Jay Little - Software Obsessionist
Things I Don't Miss About Windows: Updates

03/12/2018 23:45:48

So I'm going to start off this post by being extremely blunt: I don't like Windows. In fact when it comes to Operating Systems (aka OSes), I consider virtually any other OS a superior choice. The only exception is situations in which some piece of critically required and irreplacable software mandates that you must use Windows. Despite these feelings and the fact that my house contains only two Windows machines, only one of which belongs to me (the other belongs to my current employer), I spent quite a few hours mucking about in Windows this past weekend.

How did this happen? Well it started with the fact that a few years back I was chomping at the bit to sign up for HBO's new streaming service called HBO Now. Nowadays that's not a big deal and users have a wide variety of options regarding where to sign up, what apps to use and most importantly: How to handle recurring subscription billing. However when the service was first unveiled in April of 2015, there was only one option for handling all of this: Apple iTunes. I already had an iTunes account, as I owned an Apple TV, so I used it to sign up. Now fast forward three years to this weekend when I realized that subscribing to HBO via Amazon Channels also grants access to actual live streams of the HBO channels rather than just on-demand content made available through the official HBO Now app.

So I needed to cancel my iTunes subscription. Guess what? You can only manage iTunes subscriptions via the iTunes application. And since I don't own a Macintosh, it was time to fire up the old freebie Surface 3 and install iTunes on Windows 10. I hadn't booted it up in over six months. I really had no idea what to expect. The first thing I got hit with were outdated browser warnings and outdated browser plugins, all of which are to be expected and easy enough to resolve. Once that was done, I proceeded to download iTunes for install. While it was downloading I decided to initiate the install of Windows Updates as I knew the machine was more than a little behind. In my world view, the only thing worse than dealing with a Windows machine is dealing with an outdated Windows machine. Missing a security patch in the Windows ecosystem can wreck insane consequences in a world full of malware that targets Windows users relentlessly.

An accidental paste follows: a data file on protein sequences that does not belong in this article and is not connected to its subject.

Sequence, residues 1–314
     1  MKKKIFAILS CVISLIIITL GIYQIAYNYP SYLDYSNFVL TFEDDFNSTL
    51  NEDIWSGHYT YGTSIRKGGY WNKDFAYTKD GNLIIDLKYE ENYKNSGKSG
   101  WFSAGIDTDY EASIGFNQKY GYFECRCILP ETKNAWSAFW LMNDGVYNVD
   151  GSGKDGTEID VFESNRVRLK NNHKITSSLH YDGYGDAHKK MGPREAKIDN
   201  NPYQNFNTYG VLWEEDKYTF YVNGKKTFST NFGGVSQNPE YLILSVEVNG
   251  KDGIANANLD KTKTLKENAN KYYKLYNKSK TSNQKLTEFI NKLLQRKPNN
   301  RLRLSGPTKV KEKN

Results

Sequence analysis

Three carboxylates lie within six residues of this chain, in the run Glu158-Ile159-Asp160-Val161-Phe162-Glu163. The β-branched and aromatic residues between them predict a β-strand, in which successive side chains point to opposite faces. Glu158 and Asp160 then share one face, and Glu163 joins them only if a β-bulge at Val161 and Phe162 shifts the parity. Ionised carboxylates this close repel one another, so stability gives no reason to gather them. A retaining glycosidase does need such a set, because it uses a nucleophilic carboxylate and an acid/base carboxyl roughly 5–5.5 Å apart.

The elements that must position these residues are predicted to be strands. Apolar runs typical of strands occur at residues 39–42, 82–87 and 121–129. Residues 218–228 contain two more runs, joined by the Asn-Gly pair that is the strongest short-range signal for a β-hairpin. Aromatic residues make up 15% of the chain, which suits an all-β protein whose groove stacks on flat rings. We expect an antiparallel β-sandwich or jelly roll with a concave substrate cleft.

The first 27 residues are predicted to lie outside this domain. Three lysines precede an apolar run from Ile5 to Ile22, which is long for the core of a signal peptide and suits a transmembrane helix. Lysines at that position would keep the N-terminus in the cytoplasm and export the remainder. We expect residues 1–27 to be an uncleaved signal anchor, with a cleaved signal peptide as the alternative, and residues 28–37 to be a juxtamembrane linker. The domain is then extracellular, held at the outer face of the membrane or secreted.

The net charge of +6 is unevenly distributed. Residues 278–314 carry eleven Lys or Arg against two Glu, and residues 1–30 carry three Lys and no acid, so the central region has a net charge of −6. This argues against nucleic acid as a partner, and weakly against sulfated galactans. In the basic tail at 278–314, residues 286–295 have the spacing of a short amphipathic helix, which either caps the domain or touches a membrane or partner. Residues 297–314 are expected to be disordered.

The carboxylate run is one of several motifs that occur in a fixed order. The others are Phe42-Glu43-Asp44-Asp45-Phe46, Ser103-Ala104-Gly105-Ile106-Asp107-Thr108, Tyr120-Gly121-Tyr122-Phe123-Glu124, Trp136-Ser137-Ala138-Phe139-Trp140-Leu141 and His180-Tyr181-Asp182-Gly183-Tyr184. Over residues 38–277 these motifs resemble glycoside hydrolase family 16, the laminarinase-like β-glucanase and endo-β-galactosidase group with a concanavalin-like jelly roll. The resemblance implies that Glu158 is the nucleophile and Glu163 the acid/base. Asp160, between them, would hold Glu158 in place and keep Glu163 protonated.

So I kicked that off. iTunes finished downloading before the Windows Updates did which was hardly a shock. I launched the iTunes installer. It literally took 20 minutes to install, which was beyond silly. But hey it was a 250 megabyte installer for a piece of software that is basically just an overrated thin wrapper around a web site Apple refuses to let you access with an actual web browser, so I'm going to put that one on Apple's doorstep. Somewhere along the way Windows Updates began to install and this where things got really get hairy.

But before we go on, it's probably important to take a moment and relay just how insane all of this is to a Linux user like myself. While much of this experience is perfectly normal for a Windows user, for a Linux user this is all pretty horrifying. For starters I've literally described at least three seperate application update processes (in browser automatic updates, third party installers with their own auto update mechanisms and Windows Update itself). This is unheard of in the world of Linux. When I use my personal Linux laptop or log onto my Debian / Ubuntu Linux servers all of my updates are queried, downloaded and applied using a single utility and/or button click. It's unbelievably simple and most importantly: It's quick.

Now back to Windows. Needless to say this experience wasn't quick, though it was something short of insane. However if I was depending on this machine to do anything other than cancel an iTunes subscription or to program a Logitech Harmony One remote control, I would probably refer to the process as insane as I would be forced to go through it more often. Not only did I have to initiate the Windows Update process multiple times to counter the fact that the machine kept going to sleep (as I wasn't using it because I detest it) during the update process (which apparently cancels it), but each round of successfully installed updates simply led to yet another round of updates that needed to be installed.

While I'm sure somebody could offer a cogent technical explanation for why Windows Update is unable to offer you every available update out of the gate and install them all transparently (allowing for multiple automated rounds of installation if need be as I'm not completely heartless), this process was shit. It isn't friendly and frankly it doesn't really work all that well. Given how immensely important it is to keep a machine up to date with current patches from a security standpoint, it's absolutely silly that it took this kind of effort to get the machine somewhat up to date.

Yes, I just said somewhat. That's because this process is actually still playing out on my Surface 3. When I get a free moment and I think about it, I will go and check on it again. I'm always sure to check for more Windows Updates whenever it "finishes" as I want to be fully up to date before I shut the box down for another six months ya know. Regardless of my distaste for Windows, I pride myself on being a responsible netizen, no matter how painful it is to uphold those obligations at times.

Anyway it's time to go kick the Windows box again and see if it's done. Thankfully my Linux machines are still humming along fully updated within the span of mere minutes every month.

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